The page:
Troup County officials survey scope of flood damage

Official praises how Corps responded to ‘epic event’

amccallum@ledger-enquirer.comOctober 3, 2009 

LAGRANGE, Ga. — Troup County officials got their first look at the aftermath of last week’s storms that pounded Atlanta and quickly moved massive amounts of water and debris down stream to Troup County.

“It was called the 500-year flood, an epic event,” said Dennis Knight, Troup County director of emergency management, adding the vicious Atlanta weather swiftly impacted Troup County. “Most of this water made its way south.”

During Friday’s county commission meeting, Knight and county engineer James Emery briefed officials on the storm’s local impact, which included flooding in the West Point, Ga., area.

“I can’t say enough about how the Corps managed the flow,” Emery said, referring to the U.S. Army Corps of Engineers. “Someone in Mobile was watching like the rest of us were watching.”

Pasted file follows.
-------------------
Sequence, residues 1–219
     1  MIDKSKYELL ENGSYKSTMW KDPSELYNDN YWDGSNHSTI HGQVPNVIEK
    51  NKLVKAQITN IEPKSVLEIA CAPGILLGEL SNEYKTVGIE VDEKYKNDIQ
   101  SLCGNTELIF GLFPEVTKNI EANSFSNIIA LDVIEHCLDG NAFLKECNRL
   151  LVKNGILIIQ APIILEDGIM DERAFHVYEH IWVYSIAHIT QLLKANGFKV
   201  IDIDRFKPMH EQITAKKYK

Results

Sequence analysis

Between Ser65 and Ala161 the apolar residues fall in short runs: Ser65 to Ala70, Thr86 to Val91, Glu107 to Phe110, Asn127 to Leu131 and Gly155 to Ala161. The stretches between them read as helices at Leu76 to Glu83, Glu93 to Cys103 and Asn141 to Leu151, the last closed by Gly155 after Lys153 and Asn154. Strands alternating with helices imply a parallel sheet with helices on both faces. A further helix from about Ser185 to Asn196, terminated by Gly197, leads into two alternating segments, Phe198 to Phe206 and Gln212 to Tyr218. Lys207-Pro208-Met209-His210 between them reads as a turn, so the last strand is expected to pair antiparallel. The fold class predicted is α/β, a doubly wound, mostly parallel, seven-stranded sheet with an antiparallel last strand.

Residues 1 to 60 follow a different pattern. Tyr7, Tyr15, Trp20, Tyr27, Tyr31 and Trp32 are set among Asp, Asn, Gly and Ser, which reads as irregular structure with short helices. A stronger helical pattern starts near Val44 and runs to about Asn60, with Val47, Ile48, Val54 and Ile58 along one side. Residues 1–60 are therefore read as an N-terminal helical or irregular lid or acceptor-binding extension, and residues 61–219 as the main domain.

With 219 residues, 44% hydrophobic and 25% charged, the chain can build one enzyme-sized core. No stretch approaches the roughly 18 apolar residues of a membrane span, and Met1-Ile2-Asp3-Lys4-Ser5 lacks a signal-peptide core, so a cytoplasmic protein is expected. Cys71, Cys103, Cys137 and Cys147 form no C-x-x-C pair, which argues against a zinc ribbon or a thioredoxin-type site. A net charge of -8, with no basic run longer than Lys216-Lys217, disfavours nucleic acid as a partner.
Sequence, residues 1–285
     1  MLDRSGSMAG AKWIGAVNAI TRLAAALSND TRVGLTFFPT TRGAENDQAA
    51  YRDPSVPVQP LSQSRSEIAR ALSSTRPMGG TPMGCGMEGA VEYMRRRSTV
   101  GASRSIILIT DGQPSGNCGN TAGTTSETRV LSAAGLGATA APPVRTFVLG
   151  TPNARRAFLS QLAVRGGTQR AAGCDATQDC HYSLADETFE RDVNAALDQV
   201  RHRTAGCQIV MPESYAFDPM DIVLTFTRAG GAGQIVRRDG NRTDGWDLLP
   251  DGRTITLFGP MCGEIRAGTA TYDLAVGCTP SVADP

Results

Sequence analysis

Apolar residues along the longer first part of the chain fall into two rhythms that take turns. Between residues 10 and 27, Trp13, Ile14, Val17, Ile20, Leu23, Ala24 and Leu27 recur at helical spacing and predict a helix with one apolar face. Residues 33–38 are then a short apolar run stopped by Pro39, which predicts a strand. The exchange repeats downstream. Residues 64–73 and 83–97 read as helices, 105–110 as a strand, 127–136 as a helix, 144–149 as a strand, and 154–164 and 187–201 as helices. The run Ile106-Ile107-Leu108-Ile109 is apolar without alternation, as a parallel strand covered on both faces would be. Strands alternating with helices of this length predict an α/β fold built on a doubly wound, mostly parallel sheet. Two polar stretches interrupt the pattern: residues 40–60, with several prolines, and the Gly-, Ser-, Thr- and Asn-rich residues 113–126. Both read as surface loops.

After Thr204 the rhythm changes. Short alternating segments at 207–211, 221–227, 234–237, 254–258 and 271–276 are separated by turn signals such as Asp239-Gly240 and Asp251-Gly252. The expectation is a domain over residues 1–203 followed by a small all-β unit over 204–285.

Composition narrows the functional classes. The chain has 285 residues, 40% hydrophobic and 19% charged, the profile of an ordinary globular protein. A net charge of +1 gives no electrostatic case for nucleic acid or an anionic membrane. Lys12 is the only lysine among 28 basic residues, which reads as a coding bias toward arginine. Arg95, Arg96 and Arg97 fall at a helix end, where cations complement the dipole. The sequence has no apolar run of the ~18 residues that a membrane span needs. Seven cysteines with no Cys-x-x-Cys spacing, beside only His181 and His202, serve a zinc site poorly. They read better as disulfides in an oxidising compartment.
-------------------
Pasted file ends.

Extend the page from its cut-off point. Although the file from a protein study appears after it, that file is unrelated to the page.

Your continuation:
He said officials increased the release of water first thing Monday morning to manage the lake levels. At its peak, the West Point Dam was releasing 54,200 cubic feet per second or — as officials calculated during the meeting — 24.4 million gallons of water per minute.

The peak flow of the Chattahoochee River was Thursday at noon, officials said, and the lake reached its peak that evening.

Aerial photos of Troup County that Emery showed Friday underscored the magnitude of the flooding.

He reviewed photos of areas in and around West Point Lake showing partially submerged trees and docks. One photo had huge trees swallowed up by water, which Emery said only looked like twigs in the photo.

Pictures also captured water creeping up toward West Point’s city hall and police station, where power was shut off last week as a precaution. Flood waters also submerged Holiday Campgrounds and county ball fields, where the outfield looked more like a small lake.

Another dramatic picture showed just how much litter has been brought downstream by the powerful waters.

“It looked like the lake was sprinkled with glitter,” Emery said, but adding the “glitter” was actually plastic bottles littering the lake.

Said Knight: “This is what we’re left with just lots and lots of debris.”

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